I did a practice DBQ. If anyone could tell me how many points I got, I would really appreciate it.
May 4th prompt about indigenous peoples reaction to state expansion.
Although the indigenous people’s sentiments towards state expansion varied, because of the condescending manner in which they were treated and because of the land that was unfairly being taken from them, indigenous people showed immense disapproval of the efforts towards state expansion, often in the form of rebellion. For those indigenous groups that did not show as much anger towards state expansion and chose to keep peace with Europeans, they still voiced their complaints and conflicting ideas. As imperialism spread around the globe, many oppressed and controlled states developed their own forms of Nationalism and united to oppose and resist the forms of colonialist and imperialist control. During this time period of economic imperialism, many newly industrialized states like Britain and France began controlling other states forcibly. Trade in some commodities was organized in a way that gave merchants and companies based in Europe and the U.S. a distinct economic advantage. This led to the efforts of state expansion executed by European countries that wanted the upper hand in trade.
Document 5 expresses a Javanese aristocrat’s distaste towards the behavior of Dutch officials, and their clear belief that the natives are inferior. This aristocrat mentions that the Dutch officials allow natives to kiss their feet, which is a manner of showing extreme respect. This aristocrat showed his immense disapproval of the way in which the Dutch acted as if they were superior. As an aristocrat, this perspective is extremely important to consider, as this means it is coming from a noble person, someone higher in the social hierarchy. This is coming from an educated member of the Javanese population, which should be taken into consideration as this is someone educated who also cares about the natives of their population. The account of this Javanese aristocrat shows the disapproval of the indigenous people towards European state expansion as a result of the patronizing attitude that made the indigenous people seem inferior.
Document 4, a letter from a Hawaiian queen to the United States, showed her protesting the United States’ attempt to own much of the land that was rightfully hers, without any due process of law. As a leader of indigenous people, her account is extremely important to note when considering the sentiments of indigenous people towards the United States. Her letter was a form of direct communication showing her distaste for state expansion, and this distaste stemmed from the fact that her people’s land was being taken without any compensation. Although her letter was peaceful and involved no threats, this could not be said about many other indigenous people. These sentiments are reflective of the way that many indigenous people felt about European state expansion. Anti-imperial resistance took various forms, including direct resistance within empires and the creation of new states on the peripheries. As imperialism spread around the globe, many oppressed and controlled states developed their own forms of Nationalism and united to oppose and resist the forms of colonialist and imperialist control. In Peru, Amaru led a rebellion against the Spanish Viceroyalty mostly due to their political change in the Bourbon reforms. This saw an uprising near Cuzco where mestizos and natives banded up to revolt against all Spanish control in order to attain independence. Document 3 is another example of the violence that was incited in indigenous people due to state expansion. It is an Ethiopian painting of the Battle of Adowa, in which Italian troops lost to Ethiopians. It shows a very violent scene with numerous casualties and many troops charging towards each other. The indigenous people of Ethiopia reacted very strongly towards state expansion; much more strongly than the disapproving account of a Javanese aristocrat or the peaceful letter from a Hawaiian queen to the USA. On top of these many rebellions and wars, In India, there was also a rebellion that was led by the Indian people in hopes of driving out their colonial rulers. This was also called the Sepoy rebellion, and it was largely unsuccessful. This mutiny also showed the British that they needed to lock down more control on India, and thus the Queen was put in charge of the whole colony, and India was governed more strictly.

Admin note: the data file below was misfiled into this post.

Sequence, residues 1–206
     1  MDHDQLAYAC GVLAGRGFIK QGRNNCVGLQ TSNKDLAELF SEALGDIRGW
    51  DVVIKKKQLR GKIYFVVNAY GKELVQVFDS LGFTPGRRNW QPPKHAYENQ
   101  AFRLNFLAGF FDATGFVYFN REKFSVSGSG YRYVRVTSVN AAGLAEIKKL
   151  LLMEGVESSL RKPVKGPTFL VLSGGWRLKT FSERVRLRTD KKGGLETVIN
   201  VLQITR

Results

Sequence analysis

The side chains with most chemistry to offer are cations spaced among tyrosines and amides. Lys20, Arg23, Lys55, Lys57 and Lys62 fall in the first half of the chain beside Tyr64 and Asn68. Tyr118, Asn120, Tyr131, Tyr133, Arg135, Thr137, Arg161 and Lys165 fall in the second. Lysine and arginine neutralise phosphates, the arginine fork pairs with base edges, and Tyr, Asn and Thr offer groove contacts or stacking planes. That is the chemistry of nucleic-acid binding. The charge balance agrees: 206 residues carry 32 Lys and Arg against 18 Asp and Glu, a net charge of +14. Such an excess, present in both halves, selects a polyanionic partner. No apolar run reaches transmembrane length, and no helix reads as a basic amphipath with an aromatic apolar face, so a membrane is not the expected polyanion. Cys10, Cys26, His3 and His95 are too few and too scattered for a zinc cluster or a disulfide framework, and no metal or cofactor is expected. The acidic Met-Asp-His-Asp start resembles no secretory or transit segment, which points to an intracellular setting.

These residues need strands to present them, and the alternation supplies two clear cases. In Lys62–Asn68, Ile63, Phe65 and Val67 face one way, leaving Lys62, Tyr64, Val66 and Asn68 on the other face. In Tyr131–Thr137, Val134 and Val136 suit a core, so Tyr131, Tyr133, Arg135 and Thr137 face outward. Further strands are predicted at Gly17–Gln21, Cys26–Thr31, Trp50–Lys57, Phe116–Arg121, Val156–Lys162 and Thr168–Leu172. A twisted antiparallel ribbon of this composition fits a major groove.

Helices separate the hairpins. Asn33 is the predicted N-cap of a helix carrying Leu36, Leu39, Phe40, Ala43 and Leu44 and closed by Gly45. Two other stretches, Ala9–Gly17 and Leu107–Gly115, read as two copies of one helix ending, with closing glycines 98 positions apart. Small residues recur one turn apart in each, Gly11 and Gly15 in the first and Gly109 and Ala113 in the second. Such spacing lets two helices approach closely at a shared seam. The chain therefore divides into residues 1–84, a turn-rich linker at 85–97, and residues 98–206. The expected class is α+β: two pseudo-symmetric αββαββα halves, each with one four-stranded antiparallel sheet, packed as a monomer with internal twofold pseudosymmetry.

One example of a group of indigenous people that kept peace with the Europeans was the Ashanti. Document 1 shows an Ashanti leader’s response to a British offer, and despite its respectful decline of the offer, it states the need to remain friendly with Europeans. However, after this letter was written in 1891, in West Africa, the Yaa Asantewaa war was the final war in a series of conflicts between the British Imperial government of the Gold Coast (later Ghana) and the Ashanti Empire. The peace obviously did not last long, as this war happened in 1900. While initially efforts for peace were effective, over time, these measures did not last for many indigenous groups.
Overall, the indigenous people exhibited drastic differences in responses to state expansion. While Document 1 shows an extremely peaceful exchange, Document 3 shows a violent war between an indigenous group and a European country. Document 4 shows a more direct confrontation, while Document 5 simply shows someone watching what happens and commenting their distaste towards the situation. The extent of variation among indigenous people’s responses towards state expansion was not only very extreme, but the changes over time for one indigenous group such as the Ashanti were drastic, from efforts towards peace to a bloody war.